The expansionist plans of the United States had a major obstacle, which was Bolívar and his radical republican thinking, his conception of popular democracy, in particular the abolition of slavery and the unity of the new Republics, formerly Spanish colonies, in a “defensive and offensive League”, so that the North American government did the unspeakable to hinder the realization of these ideas, for which it had the support of the Creole oligarchies, mostly landowners and patriotic leaders with a feudal mentality who aspired to their plot of power political and economic above the interests of the peoples freed from the Spanish yoke, who aspired to achieve freedom, equality, peace with social justice for which they had fought and shed their blood.

The North American consuls, appointed to Bogotá, Lima, Chile and Mexico together with the English consuls, became conspiracy agents against Bolivar, promoted all kinds of intrigue and discrediting campaigns against him: slander, the accusation of a tyrant, who wanted to become emperor and co-opting generals caused wars between the newly liberated Republics, confrontation between Colombians and Peruvians, New Granada and Venezuelans; Peru invaded southern Colombia (Ecuador) and Bolivia, they promoted the From the provinces from the south of New Granada (Pasto), traditionally reactionary, until they achieved the destabilization of the region, the failure of the Amphictyonic Congress of Panama and the separation of Colombia the great one.

The call for the Panamanian Amphictyonic Congress was made by the Liberator on December 7, 1824, two days before the battle of Ayacucho, and he did so in the following terms quoted by Herrera Torres:

After fifteen years of sacrifice dedicated to the freedom of America to obtain the system of guarantees that, in peace and in war, is the shield of our destiny, it is time for the interests and relations that unite the American republics, formerly a Spanish colony, to have a fundamental basis that eternalizes, if possible, the duration of these governments.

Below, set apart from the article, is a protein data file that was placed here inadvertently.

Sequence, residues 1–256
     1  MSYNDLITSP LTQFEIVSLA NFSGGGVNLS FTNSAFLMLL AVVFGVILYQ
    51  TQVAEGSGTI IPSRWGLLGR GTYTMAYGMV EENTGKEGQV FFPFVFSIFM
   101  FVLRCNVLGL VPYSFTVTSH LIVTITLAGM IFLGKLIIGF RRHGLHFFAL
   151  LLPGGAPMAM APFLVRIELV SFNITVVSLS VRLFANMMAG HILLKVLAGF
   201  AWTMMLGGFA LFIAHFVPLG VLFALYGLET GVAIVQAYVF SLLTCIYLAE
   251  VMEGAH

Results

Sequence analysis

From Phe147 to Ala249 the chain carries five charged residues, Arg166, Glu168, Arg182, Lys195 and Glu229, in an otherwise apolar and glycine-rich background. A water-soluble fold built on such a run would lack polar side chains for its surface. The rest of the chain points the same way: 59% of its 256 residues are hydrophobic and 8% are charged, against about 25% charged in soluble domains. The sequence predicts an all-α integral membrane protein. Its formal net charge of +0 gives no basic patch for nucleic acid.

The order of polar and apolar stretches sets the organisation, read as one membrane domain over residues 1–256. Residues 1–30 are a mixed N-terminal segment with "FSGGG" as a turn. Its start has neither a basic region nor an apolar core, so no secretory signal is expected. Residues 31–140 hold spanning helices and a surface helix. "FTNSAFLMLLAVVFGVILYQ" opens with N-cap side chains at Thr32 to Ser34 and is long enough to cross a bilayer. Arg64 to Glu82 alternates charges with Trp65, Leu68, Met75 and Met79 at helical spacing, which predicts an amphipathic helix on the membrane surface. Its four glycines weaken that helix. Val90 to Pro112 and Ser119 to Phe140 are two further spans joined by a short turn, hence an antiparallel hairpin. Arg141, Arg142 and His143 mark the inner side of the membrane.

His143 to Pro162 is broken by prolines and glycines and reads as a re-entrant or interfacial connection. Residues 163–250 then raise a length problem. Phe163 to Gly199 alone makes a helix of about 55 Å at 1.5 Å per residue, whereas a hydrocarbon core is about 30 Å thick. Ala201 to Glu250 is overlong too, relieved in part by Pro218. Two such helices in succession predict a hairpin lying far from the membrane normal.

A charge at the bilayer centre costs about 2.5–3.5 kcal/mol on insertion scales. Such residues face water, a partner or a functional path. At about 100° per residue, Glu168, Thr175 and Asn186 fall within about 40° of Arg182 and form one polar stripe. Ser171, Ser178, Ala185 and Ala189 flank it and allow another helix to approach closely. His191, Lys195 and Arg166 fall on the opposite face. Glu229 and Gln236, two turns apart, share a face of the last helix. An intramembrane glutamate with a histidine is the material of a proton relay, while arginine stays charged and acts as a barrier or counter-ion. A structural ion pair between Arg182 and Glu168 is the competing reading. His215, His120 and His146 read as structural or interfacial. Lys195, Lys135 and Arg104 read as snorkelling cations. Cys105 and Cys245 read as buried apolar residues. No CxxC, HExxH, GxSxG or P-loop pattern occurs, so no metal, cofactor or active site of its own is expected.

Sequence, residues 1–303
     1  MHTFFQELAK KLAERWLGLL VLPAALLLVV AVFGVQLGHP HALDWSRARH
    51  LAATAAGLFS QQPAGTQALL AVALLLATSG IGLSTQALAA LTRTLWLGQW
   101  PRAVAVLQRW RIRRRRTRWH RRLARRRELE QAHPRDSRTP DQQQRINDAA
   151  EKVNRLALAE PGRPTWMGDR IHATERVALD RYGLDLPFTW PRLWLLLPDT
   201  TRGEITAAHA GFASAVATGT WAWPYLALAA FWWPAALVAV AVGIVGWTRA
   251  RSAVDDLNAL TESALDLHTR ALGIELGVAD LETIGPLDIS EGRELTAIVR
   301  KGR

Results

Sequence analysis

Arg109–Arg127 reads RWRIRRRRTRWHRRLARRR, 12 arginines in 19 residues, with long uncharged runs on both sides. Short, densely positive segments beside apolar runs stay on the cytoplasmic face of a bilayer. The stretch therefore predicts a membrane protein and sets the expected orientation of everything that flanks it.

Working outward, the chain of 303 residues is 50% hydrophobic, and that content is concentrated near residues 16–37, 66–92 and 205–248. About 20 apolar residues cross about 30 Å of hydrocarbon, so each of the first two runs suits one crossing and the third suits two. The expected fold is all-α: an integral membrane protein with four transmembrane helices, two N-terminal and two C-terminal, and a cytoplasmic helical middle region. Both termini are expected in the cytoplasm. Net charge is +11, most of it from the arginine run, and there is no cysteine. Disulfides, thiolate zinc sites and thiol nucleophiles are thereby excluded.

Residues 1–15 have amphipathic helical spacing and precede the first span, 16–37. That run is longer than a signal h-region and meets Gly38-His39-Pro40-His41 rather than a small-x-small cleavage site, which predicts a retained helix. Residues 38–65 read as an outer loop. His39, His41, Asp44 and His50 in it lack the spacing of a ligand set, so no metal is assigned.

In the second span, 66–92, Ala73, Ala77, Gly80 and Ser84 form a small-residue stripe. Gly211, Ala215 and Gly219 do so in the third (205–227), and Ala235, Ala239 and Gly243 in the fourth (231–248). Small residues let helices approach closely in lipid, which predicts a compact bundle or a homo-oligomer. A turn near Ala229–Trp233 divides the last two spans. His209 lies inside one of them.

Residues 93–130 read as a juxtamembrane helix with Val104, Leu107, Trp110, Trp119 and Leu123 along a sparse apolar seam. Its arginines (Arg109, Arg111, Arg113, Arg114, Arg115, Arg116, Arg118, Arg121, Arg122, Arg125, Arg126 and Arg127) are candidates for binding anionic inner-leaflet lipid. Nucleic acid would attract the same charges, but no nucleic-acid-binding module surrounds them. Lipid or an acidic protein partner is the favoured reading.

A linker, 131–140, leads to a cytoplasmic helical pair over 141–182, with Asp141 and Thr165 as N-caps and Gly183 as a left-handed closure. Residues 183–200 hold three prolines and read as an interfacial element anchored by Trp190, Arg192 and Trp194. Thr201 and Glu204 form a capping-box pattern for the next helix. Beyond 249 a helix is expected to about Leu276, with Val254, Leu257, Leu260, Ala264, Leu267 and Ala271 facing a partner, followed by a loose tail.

Santander conspires to invite the United States, since the instruction expressed so many times and in many ways was to invite them to form a league of nations among what were formerly Spanish colonies, united by origin, language, religion and customs.

Santander is aware of the instruction, but does not comply with it, mocks it and responds, quoted by Herrera Torres:

It seems to me that it is our mutual interest that the Assembly be verified on the Isthmus of Panama, with the participation of all or most of the American governments, both belligerent and neutral.

Bolivar insists:

Never forget the three warnings I have dared to give you: first, that we should not admit Rio de la Plata to the league, second, the United States of America, and third, not to liberate Havana.

The Liberator was very interested in the liberation of Cuba and Puerto Rico.

Now let's see the adventures of the Yankis, quoted by Herrera Torres:

On May 27, 1823, the Washington government addressed Richard C. Anderson, accredited as U.S. minister in Bogotá, as follows:

For some time, the floating and indigestible purposes of that Great American Confederation have fermented in the imagination of many theoretical statesmen.

A report by the American consul in Lima, William Tudor, to the U.S. State Department, on February 3, 1827, quoted by historian Francisco Pividal, conveys his concern for Bolivar's abolitionist ideas, since their success in colonies such as Cuba, due to their proximity to the United States, could influence the mass of slaves on plantations in the South of that nation.

The hope that Bolívar's projects are now effectively destroyed is one of the most comforting. This is not a reason to be congratulated with regard to South America, freed from military despotism and projects of insatiable ambition that would have consumed all its resources, but the United States is also relieved of a dangerous enemy in the future. If it had triumphed, I am convinced that we would have suffered from their animosity- (...) its main faith to redeem itself before the world's liberal party is based on hatred of slavery and its desire to abolish it. Read her incendiary diatribe against her in the introduction of her indescribable Constitution... complete today's Haiti and Cuba (...) judge yourself and ask yourself if the “madman” from Colombia could have bothered us! Oh, Lord, this is a matter whose dangers are not limited to fearing him!

The harassment of Bolívar also goes beyond his abolitionist ideas and the unity of the new Republics, they also attack the Liberation Army because “the soldiers and many officers have no small mixture of African blood” and the Bolivarian Republican institutionality. The Russian historian Anatoli Shulgovski shows us this hostility in the following quotes:

Secretary of State Henry Clay, addressed the Liberator in a special letter (27X-1828). In it, I expressed concern that the hopes of the United States regarding the establishment in South America, as a result of the war of independence, of “free” state institutions, similar to those of the United States, that would guarantee “all the benefits of civil liberty”” all of us - added Clay - are eagerly looking forward to the achievement of that objective.

Shugovski continues, “as one of the fundamental requirements to achieve it, Clay insistently “recommended” Bolivar to “disband the Liberation Army.”